Since the amount of fuel which flows back varies as a function of the instantaneous fuel consumption of the motor vehicle, corresponding pressure variations would occur in the return-flow line if a pressure-limiting valve were not used. Such variations in pressure would, however, affect the manner of operation of the sucking-jet pump. It is therefore necessary to limit these variations in pressure. In order to avoid reactions on the pressure regulator of the injection system, the pressure of the return flow must not be greater than about 1.4 bar and must exhibit only slight variations in pressure. In modern motor vehicles, pressure variations of between 1 bar and 1.4 bar can still be tolerated.
It has been found in practice that with ordinary pressure-limiting valves brief variations in pressure of more than 1.4 bar cannot be avoided. This is due to the fact that, after the initial opening of the closure member of the valve, there is a repeated brief closing of the closure member, thus producing pressure surges. The reason for this is that when the closure member is open, eddies form behind the valve seat in the pressure-limiting valve as a result of burbling phenomena, leading to an oscillating of the closure member and thus to pressure pulses.
The object of the present invention is so to develop a pressure-limiting valve of the aforementioned type that pressure pulses due to oscillation of the closure member of the pressure-limiting valve are avoided in as simple a manner as possible. This object is achieved in accordance with the invention in the manner that the closure member is provided, behind the valve seat as seen in the direction of flow, with a shoulder which, in the open position of the closure member, deflects the flow to the outside. This shoulder serves no purpose when the pressure-limiting valve is closed. However, as soon as the closure member is opened slightly so that there is flow in the pressure-limiting valve, this flow strikes against the shoulder and thereby produces an opening stroke which is substantially greater than in the case of a closure member without shoulder. This has the result that slight oscillations of the closure member due to eddies in the flow do not lead to an alternate opening and closing of the pressure-limiting valve and thus do not result in pressure pulses in the fuel within the return-flow line.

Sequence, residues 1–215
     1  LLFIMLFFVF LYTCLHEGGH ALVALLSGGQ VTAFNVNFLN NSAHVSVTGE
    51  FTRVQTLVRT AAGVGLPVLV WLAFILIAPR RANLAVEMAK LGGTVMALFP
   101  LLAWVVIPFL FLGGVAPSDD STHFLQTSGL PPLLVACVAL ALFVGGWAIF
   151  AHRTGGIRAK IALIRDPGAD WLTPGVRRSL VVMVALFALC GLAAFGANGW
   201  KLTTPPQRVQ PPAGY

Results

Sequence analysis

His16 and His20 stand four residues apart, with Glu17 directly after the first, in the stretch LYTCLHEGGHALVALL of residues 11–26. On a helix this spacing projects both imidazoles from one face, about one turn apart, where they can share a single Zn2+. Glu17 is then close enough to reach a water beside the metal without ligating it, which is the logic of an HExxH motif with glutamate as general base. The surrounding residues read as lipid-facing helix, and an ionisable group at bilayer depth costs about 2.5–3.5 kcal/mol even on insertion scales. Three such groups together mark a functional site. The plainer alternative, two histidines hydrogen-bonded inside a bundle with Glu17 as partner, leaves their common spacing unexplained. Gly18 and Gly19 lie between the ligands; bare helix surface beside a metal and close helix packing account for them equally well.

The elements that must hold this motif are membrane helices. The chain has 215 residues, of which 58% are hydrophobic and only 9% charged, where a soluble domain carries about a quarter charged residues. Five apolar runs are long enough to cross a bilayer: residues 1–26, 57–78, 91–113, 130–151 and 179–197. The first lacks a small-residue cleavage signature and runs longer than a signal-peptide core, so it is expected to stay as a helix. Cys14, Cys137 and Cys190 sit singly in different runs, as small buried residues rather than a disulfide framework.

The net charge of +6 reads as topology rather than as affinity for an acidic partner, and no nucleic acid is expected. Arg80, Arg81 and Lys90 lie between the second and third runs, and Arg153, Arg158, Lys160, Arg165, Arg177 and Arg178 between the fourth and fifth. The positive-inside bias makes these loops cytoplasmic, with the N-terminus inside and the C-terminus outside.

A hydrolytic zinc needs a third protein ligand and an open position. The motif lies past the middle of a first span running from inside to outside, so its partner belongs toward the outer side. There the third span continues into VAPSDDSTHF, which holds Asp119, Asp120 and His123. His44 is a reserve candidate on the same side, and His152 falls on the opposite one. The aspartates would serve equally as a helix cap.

The pressure-limiting valve is of particularly simple development if the shoulder is formed by a circumferential flange on the closure member.
As an alternative, the shoulder, however, can also be developed in the manner that the diameter of the closure member is greater behind the shoulder, as seen in the direction of flow, then on the side facing the valve seat.
Eddies within the pressure-limiting valve which cause oscillations of its closure member can be avoided or at least limited if, in accordance with another further development of the invention, the closure member is continued on the side facing away from the valve seat behind the shoulder by a cylindrical flow member.
The closure member could be urged by a tension spring into closed position. The pressure-limiting valve is, however, of particularly simple construction if the cylindrical flow member is developed as a pot which is open on the side facing away from the valve seat and if the closure spring is introduced into this pot.
In order to avoid eddies which cause oscillations of the closure member within the pressure-limiting valve, it is advantageous for the valve seat to be of conical development and have a cone angle of 120° to 160°.
The flow conditions are optimal if the valve seat has a cone angle of 140°.